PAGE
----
North Carolina has become quite infamous for passing what is considered the most anti-LGBT state law in the country, also referred to as HB2. Provisions of this bill include dictating that transgender individuals must use the restroom of the gender on their birth certificate instead of their “current presenting gender” in public facilities, and municipalities and counties are forbidden to have local non-discrimination ordinances that include sexual orientation and gender identity. In large part, HB2 was passed to invalidate an ordinance passed by the City of Charlotte that is equivalent to non-discrimination protections currently included in a vast majority of Fortune 500 companies’ corporate policies (see my letter to the News & Observer at bit.ly/29tYTTY).
I truly believe this arcane law was passed out of fear, misunderstanding and/or hatred of gay and transgender people. I also believe the law is meant as political fodder to divide the people of North Carolina and pit us against one another. Do check out a blog I wrote earlier this year, “Why do we all need someone to hate on — and now in NC it’s transgender people.”
Related: Boycotts and Benefits, artists respond to HB2
In response, many music performing artists like Bruce Springsteen have boycotted North Carolina and cancelled their performances. They all articulated their displeasure with this law and their unwillingness to travel to a state which discriminates so blatantly against a segment of their population. I do agree that these cancellations raised the visibility of the issue and that the economic impact may drive our leaders to reconsider their actions. (A small concession was made at the end of the legislative session, but it did not go far enough.) However, these artists are also punishing the many fair-minded people and the LGBT citizens of North Carolina who enjoy their music and want to attend their concerts. Now if more events that may appeal to those who support HB2 (like the NBA all-star game or NASCAR events) decide to boycott, that may really raise the visibility of this issue.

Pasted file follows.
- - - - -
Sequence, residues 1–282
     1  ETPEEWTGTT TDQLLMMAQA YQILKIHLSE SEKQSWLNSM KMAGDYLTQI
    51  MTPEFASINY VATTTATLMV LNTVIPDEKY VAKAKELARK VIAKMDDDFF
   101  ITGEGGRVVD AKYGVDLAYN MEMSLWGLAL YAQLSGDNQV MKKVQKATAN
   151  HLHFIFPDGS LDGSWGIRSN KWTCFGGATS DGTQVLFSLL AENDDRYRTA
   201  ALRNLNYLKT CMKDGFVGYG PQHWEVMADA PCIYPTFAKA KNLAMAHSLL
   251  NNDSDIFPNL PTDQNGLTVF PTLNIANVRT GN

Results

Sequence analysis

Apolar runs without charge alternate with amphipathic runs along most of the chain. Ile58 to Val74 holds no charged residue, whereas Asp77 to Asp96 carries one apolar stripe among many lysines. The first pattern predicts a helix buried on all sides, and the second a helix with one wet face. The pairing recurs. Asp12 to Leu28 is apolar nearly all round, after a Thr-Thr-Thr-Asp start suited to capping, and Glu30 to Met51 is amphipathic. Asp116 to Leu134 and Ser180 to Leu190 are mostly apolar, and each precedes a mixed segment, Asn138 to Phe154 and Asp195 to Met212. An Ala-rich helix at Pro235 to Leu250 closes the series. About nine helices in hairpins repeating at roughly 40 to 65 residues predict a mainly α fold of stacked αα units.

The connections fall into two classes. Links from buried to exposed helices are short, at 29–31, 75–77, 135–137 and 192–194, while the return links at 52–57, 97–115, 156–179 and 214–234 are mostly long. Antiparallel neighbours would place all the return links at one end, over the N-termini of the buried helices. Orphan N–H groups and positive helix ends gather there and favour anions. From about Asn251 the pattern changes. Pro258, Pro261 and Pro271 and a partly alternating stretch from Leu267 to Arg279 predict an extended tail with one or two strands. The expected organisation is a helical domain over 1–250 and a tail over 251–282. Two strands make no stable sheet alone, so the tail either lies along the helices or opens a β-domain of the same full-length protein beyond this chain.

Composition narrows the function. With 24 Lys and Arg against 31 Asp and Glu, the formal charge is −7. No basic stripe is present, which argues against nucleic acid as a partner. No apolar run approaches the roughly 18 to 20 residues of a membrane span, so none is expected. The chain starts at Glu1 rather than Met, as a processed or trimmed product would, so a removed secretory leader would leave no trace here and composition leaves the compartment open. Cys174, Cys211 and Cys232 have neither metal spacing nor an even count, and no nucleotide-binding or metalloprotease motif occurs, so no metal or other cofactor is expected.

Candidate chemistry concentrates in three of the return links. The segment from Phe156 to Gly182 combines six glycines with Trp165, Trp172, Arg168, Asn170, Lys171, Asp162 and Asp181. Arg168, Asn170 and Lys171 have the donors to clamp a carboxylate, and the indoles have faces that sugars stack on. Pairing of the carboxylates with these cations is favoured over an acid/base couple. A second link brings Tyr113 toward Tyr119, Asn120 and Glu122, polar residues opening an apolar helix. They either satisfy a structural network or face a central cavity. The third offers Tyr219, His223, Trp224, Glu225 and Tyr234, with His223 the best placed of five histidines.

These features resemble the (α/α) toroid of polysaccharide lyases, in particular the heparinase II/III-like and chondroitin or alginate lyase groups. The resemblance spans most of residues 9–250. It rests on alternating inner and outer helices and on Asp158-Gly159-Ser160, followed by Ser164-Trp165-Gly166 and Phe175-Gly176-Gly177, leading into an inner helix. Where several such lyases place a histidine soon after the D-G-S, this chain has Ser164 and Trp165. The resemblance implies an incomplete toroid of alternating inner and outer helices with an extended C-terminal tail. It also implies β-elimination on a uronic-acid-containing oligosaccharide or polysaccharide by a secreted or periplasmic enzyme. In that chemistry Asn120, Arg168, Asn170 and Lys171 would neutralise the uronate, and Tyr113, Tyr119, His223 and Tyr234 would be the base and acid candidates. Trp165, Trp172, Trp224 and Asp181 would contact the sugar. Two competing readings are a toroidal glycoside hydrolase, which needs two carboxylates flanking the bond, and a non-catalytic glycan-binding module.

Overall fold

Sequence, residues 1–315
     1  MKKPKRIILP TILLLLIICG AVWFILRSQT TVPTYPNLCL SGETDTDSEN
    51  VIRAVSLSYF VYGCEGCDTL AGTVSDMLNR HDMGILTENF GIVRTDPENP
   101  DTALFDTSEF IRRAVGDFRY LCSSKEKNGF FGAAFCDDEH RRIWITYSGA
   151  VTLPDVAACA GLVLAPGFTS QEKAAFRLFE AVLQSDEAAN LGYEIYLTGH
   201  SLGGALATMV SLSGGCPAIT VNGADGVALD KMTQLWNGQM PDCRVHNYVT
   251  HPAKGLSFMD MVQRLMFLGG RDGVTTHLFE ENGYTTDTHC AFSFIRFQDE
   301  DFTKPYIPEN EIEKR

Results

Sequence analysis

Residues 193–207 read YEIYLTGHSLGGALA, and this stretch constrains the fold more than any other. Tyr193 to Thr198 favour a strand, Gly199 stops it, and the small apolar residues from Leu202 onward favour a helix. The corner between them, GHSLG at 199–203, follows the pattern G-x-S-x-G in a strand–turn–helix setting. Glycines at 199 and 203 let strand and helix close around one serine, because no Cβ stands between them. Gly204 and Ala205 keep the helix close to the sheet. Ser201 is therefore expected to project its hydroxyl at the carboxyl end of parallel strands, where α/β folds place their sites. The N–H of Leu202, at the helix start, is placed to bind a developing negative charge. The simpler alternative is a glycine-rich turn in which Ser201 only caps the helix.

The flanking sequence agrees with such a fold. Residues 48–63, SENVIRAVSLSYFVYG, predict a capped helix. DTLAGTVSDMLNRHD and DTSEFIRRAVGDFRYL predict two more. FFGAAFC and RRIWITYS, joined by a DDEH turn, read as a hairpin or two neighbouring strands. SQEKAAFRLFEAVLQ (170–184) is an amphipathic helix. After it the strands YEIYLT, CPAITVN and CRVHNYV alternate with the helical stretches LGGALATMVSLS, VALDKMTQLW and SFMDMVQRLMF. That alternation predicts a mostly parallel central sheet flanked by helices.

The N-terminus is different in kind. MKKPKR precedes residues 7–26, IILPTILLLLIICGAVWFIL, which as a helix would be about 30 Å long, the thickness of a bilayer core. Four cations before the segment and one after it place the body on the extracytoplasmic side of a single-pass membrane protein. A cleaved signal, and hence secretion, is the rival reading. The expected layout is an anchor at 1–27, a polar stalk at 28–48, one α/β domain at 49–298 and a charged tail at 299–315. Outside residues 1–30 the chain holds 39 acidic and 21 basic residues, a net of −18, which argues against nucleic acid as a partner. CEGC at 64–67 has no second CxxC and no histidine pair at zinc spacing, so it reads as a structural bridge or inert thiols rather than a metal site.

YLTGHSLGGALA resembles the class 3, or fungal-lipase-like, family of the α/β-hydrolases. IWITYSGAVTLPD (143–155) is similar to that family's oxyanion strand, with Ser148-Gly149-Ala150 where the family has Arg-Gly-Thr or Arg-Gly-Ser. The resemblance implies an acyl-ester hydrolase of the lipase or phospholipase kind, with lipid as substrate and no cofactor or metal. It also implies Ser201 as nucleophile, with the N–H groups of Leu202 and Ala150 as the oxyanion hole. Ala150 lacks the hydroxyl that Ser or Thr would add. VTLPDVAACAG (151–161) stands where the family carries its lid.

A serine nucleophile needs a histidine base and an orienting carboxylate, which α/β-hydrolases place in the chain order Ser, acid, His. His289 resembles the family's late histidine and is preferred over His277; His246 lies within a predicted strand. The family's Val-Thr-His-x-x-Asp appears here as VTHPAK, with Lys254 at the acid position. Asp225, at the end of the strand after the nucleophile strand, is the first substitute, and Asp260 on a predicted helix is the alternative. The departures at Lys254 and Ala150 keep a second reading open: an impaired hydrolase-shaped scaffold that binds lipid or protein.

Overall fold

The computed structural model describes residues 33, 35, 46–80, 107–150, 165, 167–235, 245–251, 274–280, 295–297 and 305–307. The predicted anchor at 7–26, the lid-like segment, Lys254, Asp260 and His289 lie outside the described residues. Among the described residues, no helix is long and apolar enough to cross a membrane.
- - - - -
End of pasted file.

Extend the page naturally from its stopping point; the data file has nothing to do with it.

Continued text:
So what is a viable alternative? Do what Cyndi Lauper did!
Instead of canceling her concert, she came early and met with LGBT youth at Raleigh’s LGBT Center. She discussed the impact of HB2 with them and expressed that there are many many adults who love and care about them as full equal human beings despite what they may be hearing from our government leaders. And then she proceeded to donate the concert’s profits toward working to have HB2 overturned. A quote from Ms. Lauper reads, “I will be donating all of the profits from the show to Equality NC’s efforts to repeal HB2 and I am proud of my manager and agent for joining me in this effort by donating their commissions from the show to this vital effort.”
I just know having a heart-to-heart chat with a mega-star like Cyndi Lauper is an experience that will remain with those teens the rest of their lives, and that her donated funds will really help Equality NC’s efforts significantly. Read the details in this Raleigh News & Observer article, “Singer Cyndi Lauper meets with LGBT youth in Raleigh to talk to HB2.”
Though I respect artists and groups who are boycotting North Carolina due to HB2, I encourage them to perhaps think differently and more creatively. Don’t desert us and isolate us in our time of need. Instead, come be part of the solution, and consider Cyndi Lauper-izing us instead!